Have mercy on me, O God, because of your unfailing love.
Because of your great compassion, blot out the stain of my sins.
Relate: Last night, I was at a friend’s house with a group of others and we were talking about John 4. In this group, we had Muslims, atheists, and Christians, and for many in the group, this would have been the first time they have ever heard the story of the Samaritan woman at the well. In this story, Jesus comes to a well tired and thirsty during the hottest part of the day. A Samaritan woman showed up and Jesus asked her for a drink. Now at this point in history, Samaritans and Israelites got along about as well as Jews and Palestinians do today. Beyond that, men didn’t much care for women back then. So the Samaritan woman was a bit surprised that Jesus would even acknowledge her, let alone ask for help. Anyways, the story goes a bit like this…
The Samaritan woman asks, “You’re a Jew and I’m a Samaritan. Why are you asking me this?”
Jesus responds to her, “If you knew the gift of God and who I was, you would be asking me for living water.”
To this, the woman replies, “You have no bucket and the well is deep. How could you get this water. Do you think you are greater than Jacob (our ancestor, who dug this well)?”
Jesus answers, “Everyone who drinks water from this well will become thirsty again later on. But whoever drinks the water I have to offer will never thirst again. In fact, out of them will flow the water of eternal life.”
The woman says, “Sir, give me this water.”
Jesus answers, “Go get your husband.”
This last command seems an abrupt change in the narrative. As it turns out, the woman has had five failed marriages and is now just shacking up with a dude without even bothering with a ring. This is probably why she was at the well hauling water during the hottest part of the day. She was there when she expected no one else around. Her shame drove her away from society.
In our gathering last night, the question came up, “Why did Jesus ask her to get her husband?” Was he proving he was a prophet and he knew everything? Was a gift as valuable as this living water belong only for heads of households? Did he intentionally want to shame her? I would propose something different. I would propose that he was taking the first step towards giving her what she asked for. She wanted the water of eternal life. The rest of the narrative all flows out of that request and step one is her dealing with her sin.
React: In the same way, David had a sin (or two or three) he needed to deal with. David was up on his roof walking along when he saw this hot lady (Bathsheba) taking a bath in a nearby house down below. David abused his kingly prerogative to summon her and sleep with her. She got pregnant. So David ordered her soldier husband who was away fighting battles to come home. The plan was to cover up who was the father, but the guy didn’t take the bait. So David instead had the poor husband “killed in combat” and then took Bathsheba as his own wife. The prophet Nathan then confronts David about his sin. Finally, after getting caught, David realizes how wrong he has been, and this 51st Psalm is penned as repentance. He wants a restored relationship with God. He wants again those waters of eternal life. But the very first thing he has to do is deal with his sin.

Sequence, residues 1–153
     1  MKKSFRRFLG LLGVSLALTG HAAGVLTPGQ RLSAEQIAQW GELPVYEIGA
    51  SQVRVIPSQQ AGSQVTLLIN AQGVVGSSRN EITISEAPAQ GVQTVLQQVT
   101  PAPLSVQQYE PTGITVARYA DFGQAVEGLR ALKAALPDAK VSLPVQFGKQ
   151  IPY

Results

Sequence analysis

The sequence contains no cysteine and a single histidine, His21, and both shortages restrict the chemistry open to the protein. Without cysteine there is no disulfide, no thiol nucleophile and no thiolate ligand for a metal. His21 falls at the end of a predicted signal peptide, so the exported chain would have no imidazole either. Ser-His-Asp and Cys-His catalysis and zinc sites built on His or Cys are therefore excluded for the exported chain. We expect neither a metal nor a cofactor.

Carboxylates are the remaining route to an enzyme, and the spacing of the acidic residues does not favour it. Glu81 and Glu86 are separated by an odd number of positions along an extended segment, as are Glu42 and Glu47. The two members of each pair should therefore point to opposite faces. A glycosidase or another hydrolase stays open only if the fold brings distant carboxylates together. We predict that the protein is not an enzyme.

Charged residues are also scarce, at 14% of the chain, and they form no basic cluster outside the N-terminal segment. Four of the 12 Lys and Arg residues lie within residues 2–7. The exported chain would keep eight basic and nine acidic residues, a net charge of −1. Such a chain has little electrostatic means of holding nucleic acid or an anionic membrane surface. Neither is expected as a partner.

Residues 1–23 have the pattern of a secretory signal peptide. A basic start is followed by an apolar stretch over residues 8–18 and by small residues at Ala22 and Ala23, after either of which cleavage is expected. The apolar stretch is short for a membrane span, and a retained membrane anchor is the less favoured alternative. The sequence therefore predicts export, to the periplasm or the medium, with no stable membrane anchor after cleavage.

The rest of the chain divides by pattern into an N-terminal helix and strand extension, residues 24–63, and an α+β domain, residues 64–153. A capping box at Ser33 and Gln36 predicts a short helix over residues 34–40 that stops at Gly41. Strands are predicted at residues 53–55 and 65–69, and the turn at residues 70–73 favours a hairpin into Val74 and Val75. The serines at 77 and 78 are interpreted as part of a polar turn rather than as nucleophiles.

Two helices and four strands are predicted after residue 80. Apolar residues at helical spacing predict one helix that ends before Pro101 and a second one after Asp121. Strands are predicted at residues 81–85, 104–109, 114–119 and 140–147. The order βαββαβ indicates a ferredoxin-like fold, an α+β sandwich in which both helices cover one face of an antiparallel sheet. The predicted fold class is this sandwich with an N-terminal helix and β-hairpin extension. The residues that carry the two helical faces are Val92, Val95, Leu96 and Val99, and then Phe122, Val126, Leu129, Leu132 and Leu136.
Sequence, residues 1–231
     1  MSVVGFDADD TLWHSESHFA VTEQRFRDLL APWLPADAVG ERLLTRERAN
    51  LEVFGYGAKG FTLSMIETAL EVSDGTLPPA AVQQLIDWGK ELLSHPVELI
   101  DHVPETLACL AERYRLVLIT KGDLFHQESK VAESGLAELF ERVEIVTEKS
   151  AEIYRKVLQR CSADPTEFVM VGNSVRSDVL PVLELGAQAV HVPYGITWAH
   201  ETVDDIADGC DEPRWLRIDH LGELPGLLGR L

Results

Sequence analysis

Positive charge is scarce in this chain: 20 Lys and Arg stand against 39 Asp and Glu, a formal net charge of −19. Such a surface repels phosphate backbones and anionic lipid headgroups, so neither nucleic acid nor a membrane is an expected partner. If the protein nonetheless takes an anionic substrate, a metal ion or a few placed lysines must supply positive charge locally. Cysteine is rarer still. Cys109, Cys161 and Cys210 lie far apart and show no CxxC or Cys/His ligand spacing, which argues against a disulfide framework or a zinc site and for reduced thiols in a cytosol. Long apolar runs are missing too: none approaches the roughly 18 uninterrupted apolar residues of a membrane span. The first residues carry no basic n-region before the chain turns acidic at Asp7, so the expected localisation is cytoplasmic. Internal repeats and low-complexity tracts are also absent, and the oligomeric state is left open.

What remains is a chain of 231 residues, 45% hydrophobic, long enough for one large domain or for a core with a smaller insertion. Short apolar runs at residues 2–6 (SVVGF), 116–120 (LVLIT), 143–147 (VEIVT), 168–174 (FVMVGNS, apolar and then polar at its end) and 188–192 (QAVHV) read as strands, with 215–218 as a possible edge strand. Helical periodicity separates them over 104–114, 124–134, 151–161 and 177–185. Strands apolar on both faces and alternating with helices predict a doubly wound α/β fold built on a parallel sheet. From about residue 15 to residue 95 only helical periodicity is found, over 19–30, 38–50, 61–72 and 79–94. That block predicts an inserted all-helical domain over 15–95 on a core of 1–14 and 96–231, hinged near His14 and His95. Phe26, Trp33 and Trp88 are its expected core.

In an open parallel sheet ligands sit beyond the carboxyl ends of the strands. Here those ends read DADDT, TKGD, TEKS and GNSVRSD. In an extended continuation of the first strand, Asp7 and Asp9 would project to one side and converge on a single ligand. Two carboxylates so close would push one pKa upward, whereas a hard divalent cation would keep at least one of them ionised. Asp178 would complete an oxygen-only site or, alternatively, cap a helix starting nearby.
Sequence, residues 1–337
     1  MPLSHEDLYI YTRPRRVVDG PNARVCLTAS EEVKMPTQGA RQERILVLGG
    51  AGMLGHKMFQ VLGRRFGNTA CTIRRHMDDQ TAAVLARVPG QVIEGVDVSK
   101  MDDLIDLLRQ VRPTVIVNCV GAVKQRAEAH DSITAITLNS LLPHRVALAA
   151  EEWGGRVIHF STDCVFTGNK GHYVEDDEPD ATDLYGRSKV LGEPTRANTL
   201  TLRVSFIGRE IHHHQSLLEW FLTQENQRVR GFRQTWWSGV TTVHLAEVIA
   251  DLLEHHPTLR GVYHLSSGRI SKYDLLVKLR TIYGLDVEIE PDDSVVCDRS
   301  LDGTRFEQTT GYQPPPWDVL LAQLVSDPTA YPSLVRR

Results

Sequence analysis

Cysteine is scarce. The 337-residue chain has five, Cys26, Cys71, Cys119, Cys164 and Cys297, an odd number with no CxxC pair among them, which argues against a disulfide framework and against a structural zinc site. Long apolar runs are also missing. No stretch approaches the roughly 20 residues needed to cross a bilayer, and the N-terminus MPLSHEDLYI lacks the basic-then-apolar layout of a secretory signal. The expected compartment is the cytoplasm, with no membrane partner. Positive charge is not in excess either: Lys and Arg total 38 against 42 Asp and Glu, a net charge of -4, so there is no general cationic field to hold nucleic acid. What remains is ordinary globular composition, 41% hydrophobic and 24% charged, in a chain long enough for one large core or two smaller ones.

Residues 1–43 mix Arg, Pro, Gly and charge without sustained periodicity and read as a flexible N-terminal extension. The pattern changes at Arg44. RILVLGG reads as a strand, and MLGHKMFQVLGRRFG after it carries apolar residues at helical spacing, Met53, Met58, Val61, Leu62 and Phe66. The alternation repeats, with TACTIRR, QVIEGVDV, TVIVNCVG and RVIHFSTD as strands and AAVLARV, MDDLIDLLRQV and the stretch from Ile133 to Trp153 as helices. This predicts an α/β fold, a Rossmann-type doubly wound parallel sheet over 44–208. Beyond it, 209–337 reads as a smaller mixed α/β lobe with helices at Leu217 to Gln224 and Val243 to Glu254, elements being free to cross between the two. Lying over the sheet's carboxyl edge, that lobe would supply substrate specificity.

What about us? What about me? Am I living in shame trying to cover up my sin? Am I going to the well at the worst part of the day because avoiding people is easier than facing my shame? Am I wrecking marriages and relationships in a vain hope that nobody will discover what is on my late-night browser history? Hiding from the consequences of our sin seems to be our knee jerk reaction, but it does not work. If we want the waters of life, if we want to have healthy relationships with God and others, then we need to deal with it.
Respond: Have mercy on me, O God, because of your unfailing love. Because of your great compassion, blot out the stain of my sins. Like David, that is the cry of my heart. Forgive me God for my foolish attempts to hide my sin from You and the world. Forgive me for thinking that this is something I can deal with later. Forgive me for ever thinking that this sin is no big deal. It is a big deal. The punishment for my sin resulted in the death of God. There is no bigger deal than that. So even as I revel in the fact that You do delight in showing mercy, and that Your mercy triumphs over judgment, help me to hate my sin. Help me to run from it, and to run to You. You alone are holy. Let me be a reflection of You.